Many people out there have dreams of writing a novel and will probably never get around to it. I was well on track to becoming and staying one of those people when I heard about NaNoWriMo from my roommate. Sure, I've always had the best intentions when it comes to my writing. An idea for the great American novel will come to me in the night all glittering gold and full of promise. And I'll jump on that idea and write like crazy until I get bored...about 10 pages in. Then I'll shut off the computer and make myself a snack, maybe go to the gym, open the mail, and completely forget about the fantastic idea and all my prior enthusiasm.
That's where this challenge comes in. It completely does away with the idea that I need to be excited about what I'm writing in order to write. The rules are just that I plug away until I have 50,000 words. They don't even need to be intelligent words, I just need lots of them.
So I've accepted this challenge, and I'm making it public to keep myself on task.
Here's a synopsis and an excerpt from what I'm working on:
A few years out of college and still working in a dead-end job, Sarah Moon (26), is aimless and bored. She has yet to figure out that her feelings of loss and abandonment stemming from the death of her father are holding her back. She has done nothing in her life but run away from people and relationships.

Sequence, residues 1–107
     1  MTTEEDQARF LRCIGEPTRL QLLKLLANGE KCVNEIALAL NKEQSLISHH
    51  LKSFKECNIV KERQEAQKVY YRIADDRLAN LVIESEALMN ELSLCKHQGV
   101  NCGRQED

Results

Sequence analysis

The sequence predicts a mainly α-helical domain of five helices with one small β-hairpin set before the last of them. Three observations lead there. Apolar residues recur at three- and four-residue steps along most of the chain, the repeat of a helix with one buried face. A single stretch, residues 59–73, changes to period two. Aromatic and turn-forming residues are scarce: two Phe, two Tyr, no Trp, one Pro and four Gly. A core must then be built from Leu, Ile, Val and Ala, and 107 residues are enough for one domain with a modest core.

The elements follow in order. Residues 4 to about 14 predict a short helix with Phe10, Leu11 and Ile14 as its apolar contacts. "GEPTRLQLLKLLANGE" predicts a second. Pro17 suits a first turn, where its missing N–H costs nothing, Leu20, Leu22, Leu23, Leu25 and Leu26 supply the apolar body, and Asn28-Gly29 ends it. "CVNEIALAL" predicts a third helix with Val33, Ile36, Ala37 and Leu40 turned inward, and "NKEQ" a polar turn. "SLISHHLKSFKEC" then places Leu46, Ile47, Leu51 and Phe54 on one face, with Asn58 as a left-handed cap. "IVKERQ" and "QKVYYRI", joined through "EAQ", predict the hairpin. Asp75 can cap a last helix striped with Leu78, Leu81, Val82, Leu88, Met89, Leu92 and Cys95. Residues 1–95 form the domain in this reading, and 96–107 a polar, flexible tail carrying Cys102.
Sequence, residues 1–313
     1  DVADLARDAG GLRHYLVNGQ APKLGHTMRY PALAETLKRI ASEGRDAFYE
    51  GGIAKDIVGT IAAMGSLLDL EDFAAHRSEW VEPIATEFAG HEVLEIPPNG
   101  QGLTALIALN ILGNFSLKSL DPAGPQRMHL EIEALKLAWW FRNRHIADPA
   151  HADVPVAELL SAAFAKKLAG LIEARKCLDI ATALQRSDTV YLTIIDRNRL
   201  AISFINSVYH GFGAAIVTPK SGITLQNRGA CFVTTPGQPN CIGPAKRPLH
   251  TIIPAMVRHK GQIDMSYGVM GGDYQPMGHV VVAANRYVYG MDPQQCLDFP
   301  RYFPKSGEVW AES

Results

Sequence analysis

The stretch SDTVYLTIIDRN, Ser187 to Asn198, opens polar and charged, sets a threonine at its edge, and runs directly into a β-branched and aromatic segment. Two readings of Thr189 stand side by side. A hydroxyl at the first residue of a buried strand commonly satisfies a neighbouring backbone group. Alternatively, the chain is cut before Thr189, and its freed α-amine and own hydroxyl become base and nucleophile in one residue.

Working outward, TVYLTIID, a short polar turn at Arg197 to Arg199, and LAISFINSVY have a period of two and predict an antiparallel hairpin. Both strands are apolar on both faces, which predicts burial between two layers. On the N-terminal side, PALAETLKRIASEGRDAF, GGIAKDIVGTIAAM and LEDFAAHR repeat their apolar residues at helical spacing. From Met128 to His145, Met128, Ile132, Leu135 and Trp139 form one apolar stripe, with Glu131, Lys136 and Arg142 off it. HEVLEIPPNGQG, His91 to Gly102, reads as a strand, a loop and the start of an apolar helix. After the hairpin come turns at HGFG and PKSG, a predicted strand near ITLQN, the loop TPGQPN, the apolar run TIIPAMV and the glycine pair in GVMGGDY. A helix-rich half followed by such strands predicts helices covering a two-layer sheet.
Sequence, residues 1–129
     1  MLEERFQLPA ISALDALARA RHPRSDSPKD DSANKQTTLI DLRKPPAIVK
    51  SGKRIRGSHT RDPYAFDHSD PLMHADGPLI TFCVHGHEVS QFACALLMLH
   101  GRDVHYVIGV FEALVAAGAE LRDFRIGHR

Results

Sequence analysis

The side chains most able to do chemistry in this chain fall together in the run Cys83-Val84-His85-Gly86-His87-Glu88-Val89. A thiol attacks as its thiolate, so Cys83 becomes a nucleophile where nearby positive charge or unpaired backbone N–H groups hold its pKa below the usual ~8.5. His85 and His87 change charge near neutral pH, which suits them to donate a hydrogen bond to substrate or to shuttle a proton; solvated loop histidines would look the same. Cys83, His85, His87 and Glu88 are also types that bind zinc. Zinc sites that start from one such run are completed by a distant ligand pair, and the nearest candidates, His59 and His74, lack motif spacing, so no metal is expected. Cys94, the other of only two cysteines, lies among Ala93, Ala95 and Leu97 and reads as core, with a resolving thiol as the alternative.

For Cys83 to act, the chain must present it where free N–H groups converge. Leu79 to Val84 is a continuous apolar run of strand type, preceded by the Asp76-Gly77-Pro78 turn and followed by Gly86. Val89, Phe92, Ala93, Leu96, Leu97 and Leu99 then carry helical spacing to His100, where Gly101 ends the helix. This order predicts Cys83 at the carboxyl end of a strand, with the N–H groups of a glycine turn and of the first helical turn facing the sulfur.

Told half from Sarah's perspective and half from that of her mother, Ann, this is the story of Sarah's cross-country journey following a rock band and finding herself. Through Sarah's writing about her travels and Ann's memories of Sarah's shortened childhood, the reader comes to understand how our feelings about life and death color every part of our lives.
His favorite thing was to scoop up Sarah and toss her into the air like a miniature acrobat. He'd tell her that one day the whole family would run off to the circus together. It was something she'd read in a book and always wanted to do. She didn't understand that when children run away to the circus they are running away from home, away from their families.
Sometimes I imagine them when I'm doing dishes, looking out the back window into the yard. Chuck, with his huge form blocking the autumn sunlight streaming under the chestnut tree, while he swings Sarah around, creating crazy shadows dancing across our kitchen walls.
At the end, this 6' 5" weightlifter who tipped the scales at 225 had shrank down to 160 pounds. He shook constantly and could barely lift a water glass to his lips. I could see in his eyes that he didn't want to live another day, but sadly, he did. It went on that way for the longest time. He fell away completely, he barely noticed when we came to see him.
It was as though he didn't just die, he broke into a million pieces. The hospital became my puzzle box, full of tiny fragments of my husband that would never fit together again. As he sank further into depression, I continued to try to reach for him, though it became clear toward the end that my gestures were meaningless. What do you say to someone who's physical life is everything when they are breathing their last in a plain white room? He told me once that the only thing that would make him happy again would be to pick up me and Sarah and walk right out of the room. Apart from that, there was nothing else.